Five Years of Construction Headaches Begin for Hell's Kitchen Residents

By Mathew Katz on May 30, 2012 7:01am 

The Department of Design and Construction's map of the areas affected by the project.
The Department of Design and Construction's map of the areas affected by the project.
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Department of Design and Construction

HELL'S KITCHEN — Years of traffic snarls, water shutoffs, noisy construction and other headaches are about to become a reality in Hell's Kitchen.

City workers have begun a five-and-a-half year process of tearing up streets in Hell’s Kitchen and Midtown to replace aging water mains and connect a massive water tunnel to the city’s main systems, officials said.

The Department of Design and Construction plans to install 48, 36 and 30 inch underground water mains over the course of the project. As a result,  large trenches will fill neighborhood streets for years to come.

Set to run until Spring 2017, construction will be done in phases that will last roughly six to 18 months. 

Work has already begun on the first phase of the project, according to the DDC. Throughout the summer most of the work will center around West 48th Street, where crews will replace sewers between Eighth Avenue and Broadway, and Ninth and 10th Avenues.

Later in the summer, workers will begin to dig up parts of West 51st Street between Ninth Avenue and Broadway, the DDC said.

The third and fourth phases have yet to be definitively scheduled, but will bring their own set of lane closures over the next few years.

The third phase will center on 10th Avenue between West 47th and West 48th streets, as well as Ninth Avenue between West 48th and 51st streets.

Finally, crews will tackle West 49th Street between Ninth and 10th avenues.

According to the DDC, work will likely run from 7 a.m. until 3:30 p.m. during weekdays, but could extend later or into the weekends if construction gets behind schedule.

Adding to the water-main work will be the redesign of the Times Square, occurring at the same time, which will shut down lanes on Seventh Avenue and Broadway over the next few years.

The new main would connect the existing water grid to the city's massive new water tunnel, which will eventually carry water from upstate New York. The Third Water Tunnel is designed to be an alternative to two existing tunnels that are crumbling and are badly in need of inspection, officials said.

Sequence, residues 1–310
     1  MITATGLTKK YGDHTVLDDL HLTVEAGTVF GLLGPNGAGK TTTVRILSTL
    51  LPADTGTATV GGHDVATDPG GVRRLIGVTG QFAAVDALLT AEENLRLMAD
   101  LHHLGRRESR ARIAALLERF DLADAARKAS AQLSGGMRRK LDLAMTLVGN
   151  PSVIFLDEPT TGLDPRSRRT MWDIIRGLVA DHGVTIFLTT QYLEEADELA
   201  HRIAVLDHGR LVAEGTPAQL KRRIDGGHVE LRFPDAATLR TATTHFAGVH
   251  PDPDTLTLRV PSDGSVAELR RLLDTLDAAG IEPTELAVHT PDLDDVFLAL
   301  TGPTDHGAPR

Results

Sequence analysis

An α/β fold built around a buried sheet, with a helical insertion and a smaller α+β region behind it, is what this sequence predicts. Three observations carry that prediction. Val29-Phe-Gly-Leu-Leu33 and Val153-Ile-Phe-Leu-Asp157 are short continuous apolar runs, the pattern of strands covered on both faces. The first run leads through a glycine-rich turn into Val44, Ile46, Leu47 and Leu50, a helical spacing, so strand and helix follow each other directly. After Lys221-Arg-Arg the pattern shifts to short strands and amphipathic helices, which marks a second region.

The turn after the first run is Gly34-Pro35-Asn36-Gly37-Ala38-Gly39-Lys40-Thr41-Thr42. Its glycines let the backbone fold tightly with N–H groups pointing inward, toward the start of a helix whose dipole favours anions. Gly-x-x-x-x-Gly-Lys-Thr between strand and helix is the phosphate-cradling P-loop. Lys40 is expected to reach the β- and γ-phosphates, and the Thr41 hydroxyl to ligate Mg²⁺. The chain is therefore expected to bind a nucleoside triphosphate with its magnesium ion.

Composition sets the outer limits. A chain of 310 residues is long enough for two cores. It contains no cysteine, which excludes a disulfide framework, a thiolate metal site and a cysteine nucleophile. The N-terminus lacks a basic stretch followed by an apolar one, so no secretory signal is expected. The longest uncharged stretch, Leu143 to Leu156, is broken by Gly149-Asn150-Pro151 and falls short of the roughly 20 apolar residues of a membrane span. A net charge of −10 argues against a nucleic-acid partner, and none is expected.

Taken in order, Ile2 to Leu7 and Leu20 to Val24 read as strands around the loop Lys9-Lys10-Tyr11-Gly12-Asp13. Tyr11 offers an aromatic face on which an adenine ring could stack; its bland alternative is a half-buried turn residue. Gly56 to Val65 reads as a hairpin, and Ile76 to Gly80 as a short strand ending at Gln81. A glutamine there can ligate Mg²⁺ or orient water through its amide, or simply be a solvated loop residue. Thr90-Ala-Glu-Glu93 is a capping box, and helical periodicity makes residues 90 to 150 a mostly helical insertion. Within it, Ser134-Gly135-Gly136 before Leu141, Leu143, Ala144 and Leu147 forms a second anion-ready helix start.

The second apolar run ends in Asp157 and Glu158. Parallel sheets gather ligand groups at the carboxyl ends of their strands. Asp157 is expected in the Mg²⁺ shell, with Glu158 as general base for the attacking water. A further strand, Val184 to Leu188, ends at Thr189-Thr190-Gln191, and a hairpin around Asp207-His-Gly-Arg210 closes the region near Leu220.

“This is not just little water pipes being put in the ground,” said Norberto Acevedo, Jr., the DDC’s community liaison, at a meeting last week.

“This is major work, this is necessary work, and this is for the water supply of the city as a whole.”

In the next two to four weeks, the agency will carve out test pits on West 48th Street between 10th and Ninth Avenues. Private utility companies such as Con Edison have worked on the sites for months in order to relocate their infrastructure.

More intensive work involving large-scale excavations will being in phases afterwards, with the work on West 48th Street beginning first.

“This is not a five-year project in front of your home,” said Community Board 4 District Manager Bob Benfatto at the meeting last week, held to update the community on the project’s progress. 

“It’s seven to nine months in front of your home.”

Residents at the meeting expressed their concern about five years of annoyances, including delays in garbage and temporary restrictions in parking, not to mention huge traffic delays.

And then there’s the rats.

"You may be used to your neighborhood now not seeing very much,” Acevedo said. “But they’re there — there may be a time where you may see more [rodent] activity as we dig up their dens.”

DDC officials said they will assist in storing garbage that isn’t picked up because of shut down loading areas, but admitted that it could be a challenge.

“We know what we’re up against,” Acevedo, Jr. said at the meeting last week. “This is a lot when we’re not even here.”

According to the DDC, the project will shut down two lanes of traffic during work hours on Eighth, Ninth, and Tenth avenues. Each street will only have one lane of traffic open during work hours.                                                 

The DDC said it would do its best to keep traffic moving as quickly as possible during the years of construction.

“We do this a lot,” Acevedo said. "We do know what we’re doing.”

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